Imagine a world in which your childhood was stripped away from you. One that forced you into slavery, the military, or even marital trades. In the novel Ender’s Game by Orson Scott Card, this is exactly the kind of world the main characters are living in. Ender was taken to become a member of the military at a very young age, and forced to fight the so-called “invaders” of our planet. Children in our world face very similar fates today. Child labor is a massive issue in today's society and in Ender's Game because children are often coerced into doing things no child should do, and children are forced into servitude or slavery. Ender’s Game points out the severity of this issue by showing how the children being forced to fight are feeling. This essay will point out the similarities between present child labor issues and the issues depicted in Card’s novel.
Firstly, one of the important topics that Card’s novel Ender’s Game touches on, is child enslavement. This issue is obviously immoral, and is against the Universal Declaration of Human Rights, which proclaims that “no one shall be held in slavery or servitude” in Article 4. It also states that “slavery and the slave trade shall be prohibited in all their forms.” In Ender’s Game, the children are taken from their families and put into Battle School, where they are then forced to train to kill aliens. This is similar to how children are often forced into trades such as human trafficking, where women and girls are kidnapped and sold to people all over the world. Except in the book, the children are traded between fleets and groups in which they are going to fight. According to the International Center for Research on Women, one third of girls are married before the age of eighteen. This means that underage children are put into arranged marriages, or sold to a foreign husband, or even kidnapped and sold to a man or group of men.
Yet another main subject of Card’s novel is the issue of child warfare. Child warfare is the use of children as “weapons” during wars, hence the name. The main character, Ender, is a prime example of one of these children. Ender was brought to Battle School when he was about ten years old, and trained to be one of the top soldiers in the fight against the “Buggers,” which were what the aliens supposedly invading Earth were called. Another character named Dink explained to Ender that “[the teachers] get [them] to fight each other, to hate each other” (Card 108), which was a breakthrough in the story because it revealed to Ender that they were just being used by the adults. This is similar to how armed forces take advantage of children in the real world. According to childrenandarmedconflict.un.org, “There are many ways for children to become associated with armed forces and groups. Some children are abducted and beaten into submission, others join military groups to escape poverty, to defend their communities, out of a feeling of revenge or for other reasons.” This quote is speaking about how easy it is for adults to manipulate children into doing their “dirty work” and using them to fight in war.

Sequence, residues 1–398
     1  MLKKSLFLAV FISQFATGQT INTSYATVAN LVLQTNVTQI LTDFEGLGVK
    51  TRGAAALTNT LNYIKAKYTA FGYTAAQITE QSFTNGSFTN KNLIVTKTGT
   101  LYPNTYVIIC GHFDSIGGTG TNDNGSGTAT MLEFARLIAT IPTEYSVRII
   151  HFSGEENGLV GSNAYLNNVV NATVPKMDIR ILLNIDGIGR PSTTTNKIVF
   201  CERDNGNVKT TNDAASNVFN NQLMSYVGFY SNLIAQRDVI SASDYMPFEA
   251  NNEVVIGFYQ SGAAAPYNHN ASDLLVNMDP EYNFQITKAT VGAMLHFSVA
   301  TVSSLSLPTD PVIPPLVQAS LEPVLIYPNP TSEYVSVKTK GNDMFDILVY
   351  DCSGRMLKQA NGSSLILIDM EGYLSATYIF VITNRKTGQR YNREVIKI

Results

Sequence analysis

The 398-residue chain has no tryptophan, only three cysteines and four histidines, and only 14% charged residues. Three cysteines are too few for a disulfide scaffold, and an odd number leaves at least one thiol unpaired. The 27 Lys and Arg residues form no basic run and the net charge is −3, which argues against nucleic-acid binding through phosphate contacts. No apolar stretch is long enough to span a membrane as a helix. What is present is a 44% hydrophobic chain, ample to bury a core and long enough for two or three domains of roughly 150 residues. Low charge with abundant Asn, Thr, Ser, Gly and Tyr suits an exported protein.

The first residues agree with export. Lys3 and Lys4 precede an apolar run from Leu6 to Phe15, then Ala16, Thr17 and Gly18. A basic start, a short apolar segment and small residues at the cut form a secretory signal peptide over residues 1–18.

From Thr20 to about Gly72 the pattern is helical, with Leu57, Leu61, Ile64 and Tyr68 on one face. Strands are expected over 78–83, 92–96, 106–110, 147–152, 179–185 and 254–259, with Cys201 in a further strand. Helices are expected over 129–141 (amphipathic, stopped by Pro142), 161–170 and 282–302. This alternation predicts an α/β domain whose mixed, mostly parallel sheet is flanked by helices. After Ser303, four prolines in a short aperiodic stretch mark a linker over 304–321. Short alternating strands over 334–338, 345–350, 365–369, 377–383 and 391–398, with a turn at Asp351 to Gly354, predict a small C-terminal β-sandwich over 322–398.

Lastly, Ender’s Game draws attention to child labour in general. For hundreds of years, we have coerced children into working the jobs no adult wants to do, often in places with poor conditions. Almost every country has had issues with child labour, and children are forced into working for little pay. Geir Moulson wrote in an article about “an exuberant group of children rescued from mines, sweatshops and servitude descended on Geneva… and inspired calls for the International Labor Organization to restrict child labor worldwide.” His writing tells about a large population of children that had been found working potentially dangerous jobs, that were recently rescued from their entrapment. In the novel, the book is centered around the idea the the adults are using all of these brilliant young minds to do their bidding. Adults have been using children for purposes like this for centuries, despite the many laws against it.
In conclusion, the novel Ender’s Game points out the problems we have in our society, especially when it comes to child enslavement and child warfare. Across the globe, innocent young minds are forced into things like Ender in Card’s novel, taken at a young age and told that they must follow orders or else they will be beaten or killed. Children are not only taken as soldiers, but also enslaved to work in abhorrent conditions, as well as forced into being sold as wives or mistresses. By bringing attention to the mistreatment of children, Card paved the way for readers to take a stand themselves, and defend the less fortunate. Maybe you should join them.
- Card, O. S. (1985). Ender’s Game. Tor Books.
- Geir Moulson. (2019, June 10). Activists call for tighter control of child labor worldwide. The Independent. https://www.independent.co.uk/news/world/europe/activists-call-tighter-control-child-labour-worldwide-a8952871.html
- International Center for Research on Women. (n.d.). Child Marriage. https://www.icrw.org/what-we-do/child-marriage/
- United Nations. (1948). Universal Declaration of Human Rights. https://www.un.org/en/about-us/universal-declaration-of-human-rights
- United Nations Office of the Special Representative of the Secretary-General for Children and Armed Conflict. (n.d.). Child Recruitment and Use. https://childrenandarmedconflict.un.org/what-we-do/child-recruitment-and-use/